By Michael Roberts
By Amber Taufen
By Patricia Calhoun
By William Breathes
By Michael Roberts
By Melanie Asmar
By Michael Roberts
By Michael Roberts
Not that cashing in was on anyone's mind back then -- not with so much injustice in the world in need of exposing. The Lange-led Daily didn't shy away from diving into national and international stories, some of them only tangentially connected to Boulder. Lange and writer S.K. Levin wrote frequently about U.S. policy in Nicaragua and even traveled to that country to do ground-level reporting; their main local hook involved Boulder's establishment of a sister-city relationship with the Nicaraguan community of Jalapa. The pair also investigated what became the Strategic Defense Initiative (aka Star Wars), coming out with an in-depth multi-part series a month before President Ronald Reagan unveiled the program in a 1983 speech.
But Lange also found ways to take area news nationwide, as he did when he unveiled the inner workings of a Federal Emergency Management Administration civil-defense plan intended for use in the event of a nuclear strike in Boulder and many other American cities. A meeting to explain the previously secret program drew around 1,200 dumbfounded Coloradans and the folks from 60 Minutes, and led to the dropping of the entire idea everywhere. Articles like these induced Nation scribe Alexander Cockburn to declare the Daily the best leftist newspaper in the country.
Despite the soberness of these topics, however, the Daily was neither bland nor laugh-free. It developed an innovative entertainment section overseen by Jennifer Heath, who has gone on to become an author of books on a slew of subjects, and dabbled in often-self-deprecating humor courtesy of Todd Moore, who was also largely responsible for its grabby look. Moore, who's described with great affection by former colleague J. Gluckstern (now a CU film instructor and contributor to the Daily Camera) as a "fuck-you anarchist," wrote under the name Tao Jones and manned the regular feature "Tommy Tofu's Field Guide to Boulder," in which he described creatures such as "Liberal Man (Homo Pinko)": "Listen for the roar of Homo Pinko as he gathers in large herds to affect events thousands of miles away -- 'SMASH THE STATE...please.'" And that's not to mention his "Apocalypse Poll," in which readers were given the chance to predict whether the world would end in a "bang," a "whimper," or "other (please specify)."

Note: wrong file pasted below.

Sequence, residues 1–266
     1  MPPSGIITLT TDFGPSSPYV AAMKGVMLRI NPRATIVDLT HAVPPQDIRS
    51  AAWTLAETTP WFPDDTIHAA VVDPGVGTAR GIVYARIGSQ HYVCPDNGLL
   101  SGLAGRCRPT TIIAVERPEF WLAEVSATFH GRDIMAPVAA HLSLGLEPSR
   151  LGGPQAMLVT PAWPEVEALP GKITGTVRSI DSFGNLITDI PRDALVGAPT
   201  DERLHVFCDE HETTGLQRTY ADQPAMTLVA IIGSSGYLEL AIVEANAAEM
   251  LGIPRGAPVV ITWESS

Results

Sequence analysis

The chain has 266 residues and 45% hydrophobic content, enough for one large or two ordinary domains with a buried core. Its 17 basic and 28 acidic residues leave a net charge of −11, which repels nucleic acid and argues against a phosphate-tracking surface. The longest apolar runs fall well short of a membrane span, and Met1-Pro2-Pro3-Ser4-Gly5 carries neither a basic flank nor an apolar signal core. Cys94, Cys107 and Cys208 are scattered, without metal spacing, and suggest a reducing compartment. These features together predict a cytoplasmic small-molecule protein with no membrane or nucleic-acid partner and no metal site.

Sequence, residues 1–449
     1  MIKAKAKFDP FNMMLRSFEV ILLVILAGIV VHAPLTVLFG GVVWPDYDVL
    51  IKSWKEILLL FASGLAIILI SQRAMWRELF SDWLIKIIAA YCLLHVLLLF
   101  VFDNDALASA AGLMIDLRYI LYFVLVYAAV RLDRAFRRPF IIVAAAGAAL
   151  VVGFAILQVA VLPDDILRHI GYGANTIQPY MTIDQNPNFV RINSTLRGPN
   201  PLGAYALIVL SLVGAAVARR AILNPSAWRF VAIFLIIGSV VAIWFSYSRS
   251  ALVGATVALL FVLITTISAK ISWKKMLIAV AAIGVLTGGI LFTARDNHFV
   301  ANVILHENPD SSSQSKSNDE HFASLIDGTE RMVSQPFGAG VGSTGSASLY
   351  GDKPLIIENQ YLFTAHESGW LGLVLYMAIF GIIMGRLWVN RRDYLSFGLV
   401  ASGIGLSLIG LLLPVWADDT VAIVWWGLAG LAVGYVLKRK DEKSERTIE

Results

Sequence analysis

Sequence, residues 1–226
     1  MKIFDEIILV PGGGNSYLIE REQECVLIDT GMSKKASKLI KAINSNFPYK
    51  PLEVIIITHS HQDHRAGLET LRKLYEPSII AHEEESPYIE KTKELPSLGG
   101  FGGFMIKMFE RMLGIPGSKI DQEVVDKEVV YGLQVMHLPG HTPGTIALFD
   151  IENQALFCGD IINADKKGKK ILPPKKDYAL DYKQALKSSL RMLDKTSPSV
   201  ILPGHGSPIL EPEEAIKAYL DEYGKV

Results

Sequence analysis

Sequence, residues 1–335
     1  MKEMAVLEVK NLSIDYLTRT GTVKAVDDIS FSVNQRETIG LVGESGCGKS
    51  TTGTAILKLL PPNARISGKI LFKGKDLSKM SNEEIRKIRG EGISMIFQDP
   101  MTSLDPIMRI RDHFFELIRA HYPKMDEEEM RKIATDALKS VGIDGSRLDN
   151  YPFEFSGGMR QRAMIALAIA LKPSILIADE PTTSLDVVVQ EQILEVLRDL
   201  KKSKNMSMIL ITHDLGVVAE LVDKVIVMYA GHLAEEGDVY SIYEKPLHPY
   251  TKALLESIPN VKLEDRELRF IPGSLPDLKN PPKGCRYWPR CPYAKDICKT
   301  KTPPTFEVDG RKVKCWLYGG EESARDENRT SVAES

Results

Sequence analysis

Moore's adventures are notorious. On one occasion, he and a photographer decided they wanted to take a photo of Rocky Flats and drove onto the facility's grounds to get one without asking permission; they wound up spread-eagled on the ground surrounded by armed men in black commando outfits. On another, he penned an editorial, later published as a letter, about a suspicious fire at a fraternity house that convinced Boulder authorities and frat boys alike that the letter's mysterious author, identified as "T. Moore," was a female arsonist. "I remember standing at a cash machine and these two guys behind me were talking about what they were going to do when they got ahold of this bull dyke T. Moore," he says.
But his most infamous accomplishment was 1984's anti-Reagan issue. There's some disagreement over who sparked this notion: Moore says the idea came from singer Gil Scott-Heron, while Marty Durlin, Moore's former spouse and a onetime Daily staffer (she's presently station manager at Boulder public radio station KGNU), believes the responsible party was poet Amiri Baraka. (Both Scott-Heron and Baraka contributed to the issue.) Moreover, support for an all-editorial edition in advance of the 1984 election, in which Reagan's main competitor was Democratic candidate Walter Mondale, wasn't universal, with some employees fearing the concept would damage the Daily's future credibility. But the stone-throwers eventually won out, and on November 5, 1984, the Daily unleashed "Ronald Reagan: A Commentary."
Viewed from a distance of seventeen years, some of the anti-Reagan issue's content seems a bit curious. S.K. Levin's somber piece about Reagan's military buildup ages well, as does Durlin's personal commentary about the dearth of worthy candidates, but they're juxtaposed with wackiness like Nan De Grove's "What's in the Stars for Reagan, Mondale?," an attempt to analyze the election via astrology. ("Mondale's Sagittarius planets all fall near the ascendant in the United States chart, which indicate he could help the country recover some of its lost idealism...") But what hasn't dated are the incendiary graphics: a smiling Reagan dressed as Darth Vader, a poster of two elephants mating labeled "The Making of a Republican," and a doctored photo showing a football placekicker about to boot Reagan's head. This last image prompted a memorable moment for Moore: "These guys threatened to beat the hell out of me because it was their friend's leg kicking it."
That was hardly the only negative reaction. Numerous Daily sources swear that ad revenue plummeted 40 percent after the issue, but Lange, who by then had added publisher duties to his editorial responsibilities, says that's not so: Only a few advertisers bailed. Yet university conservatives voiced their disapproval in larger numbers. Pam White, who started contributing to the Daily in 1984 and holds the distinction of having written a pro-choice article for the Reagan edition that was withheld because it was "too extreme even for us," tells the tale. "I was sitting at my desk when a bunch of campus Republicans barged in with armloads of the paper that they'd picked up from all over town -- and they threw them on the floor and called us 'fucking communists' and spewed profanity and otherwise demonstrated their commitment to the First Amendment. I always thought that was funny."